Table Talk with Chef Edwin Bellanco

Table Talk with Chef Preston Madson and Chef Ginger Pierce

Current Gig
Executive Chefs at Freemans, Peels, and Isa

About the Chefs
Chef Ginger Pierce began her career at Grapevine, a catering company in Northern California, while attending culinary school. Across the country, Chef Preston Madson was cooking at a small Italian restaurant in his hometown in Georgia before moving to Oregon to work at a pizza microbrewery. Both chefs wound up at Roxanne’s, a raw food restaurant in the Bay Area, where they met and began dating. Together, they moved to New York City and spent time cooking at Barbuto under their mentor, Chef Jonathan Waxman. Chef Ginger moved on to work at Provence and Five Points, while Chef Preston went to Cookshop, Provence, and Hundred Acres.  Several years ago, they became the Executive Chefs of Freemans, Peels, and Isa. Along the way, Chef Ginger and Chef Preston got married and had a little boy named Sebastian. They have worked side by side in the same kitchens for eight of the eleven years that they have known each other.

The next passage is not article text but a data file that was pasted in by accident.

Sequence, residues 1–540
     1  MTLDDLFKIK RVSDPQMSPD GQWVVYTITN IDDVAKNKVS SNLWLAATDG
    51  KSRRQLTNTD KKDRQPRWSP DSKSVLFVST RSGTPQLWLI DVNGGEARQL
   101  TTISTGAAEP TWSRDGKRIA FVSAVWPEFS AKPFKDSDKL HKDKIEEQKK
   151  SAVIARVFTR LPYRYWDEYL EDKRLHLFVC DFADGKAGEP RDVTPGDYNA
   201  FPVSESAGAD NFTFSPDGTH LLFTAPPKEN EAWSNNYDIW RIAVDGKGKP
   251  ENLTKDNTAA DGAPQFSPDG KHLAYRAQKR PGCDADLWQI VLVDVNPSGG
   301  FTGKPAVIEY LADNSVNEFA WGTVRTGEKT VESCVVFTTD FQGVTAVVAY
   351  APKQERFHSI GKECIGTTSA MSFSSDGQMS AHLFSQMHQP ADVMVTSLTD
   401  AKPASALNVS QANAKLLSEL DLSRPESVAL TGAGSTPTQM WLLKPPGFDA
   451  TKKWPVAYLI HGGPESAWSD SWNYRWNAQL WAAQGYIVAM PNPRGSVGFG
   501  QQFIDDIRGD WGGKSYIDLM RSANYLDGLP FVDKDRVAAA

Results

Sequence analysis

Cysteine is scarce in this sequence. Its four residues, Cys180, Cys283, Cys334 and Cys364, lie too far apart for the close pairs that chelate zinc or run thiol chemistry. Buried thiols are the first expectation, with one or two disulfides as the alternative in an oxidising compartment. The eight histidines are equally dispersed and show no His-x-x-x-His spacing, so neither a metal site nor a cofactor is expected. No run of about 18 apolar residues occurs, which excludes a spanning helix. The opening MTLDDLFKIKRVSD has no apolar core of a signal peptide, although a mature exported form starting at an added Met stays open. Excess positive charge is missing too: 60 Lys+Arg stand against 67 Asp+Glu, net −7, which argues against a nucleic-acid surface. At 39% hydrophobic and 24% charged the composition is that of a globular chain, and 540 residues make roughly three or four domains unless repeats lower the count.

Freemans: 191 Chrystie Street (between Stanton and Rivington)
Peels: 325 Bowery (at East 2nd Street)
Isa: 348 Wythe Avenue, Brooklyn, NY 

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Chef Preston Madson and Chef Ginger Pierce at Freemans

Where did you grow up?
Ginger
: I was born in Anchorage, Alaska. When I was four, my family moved to the San Francisco Bay Area. My entire extended family stayed in Alaska, so we often spent summers and holidays there. A lot of my culinary influences are from Alaska, like fishing and learning the different ways that my grandfather prepared fish. I was also really influenced by the Bay Area, which has such amazing produce. Fresh vegetables and fruits are my favorite things to eat, especially avocados. I could put avocado on everything. (Smiling)
Preston: I grew up in southern Georgia, down by Savannah.  I came from a large family where we had big Sunday suppers every week.  I spent a lot of time in the kitchen with my mom and my grandmother – I learned so much from them. After culinary school, I moved out to the Bay Area where I got into the whole fresh produce thing – everything was really fresh.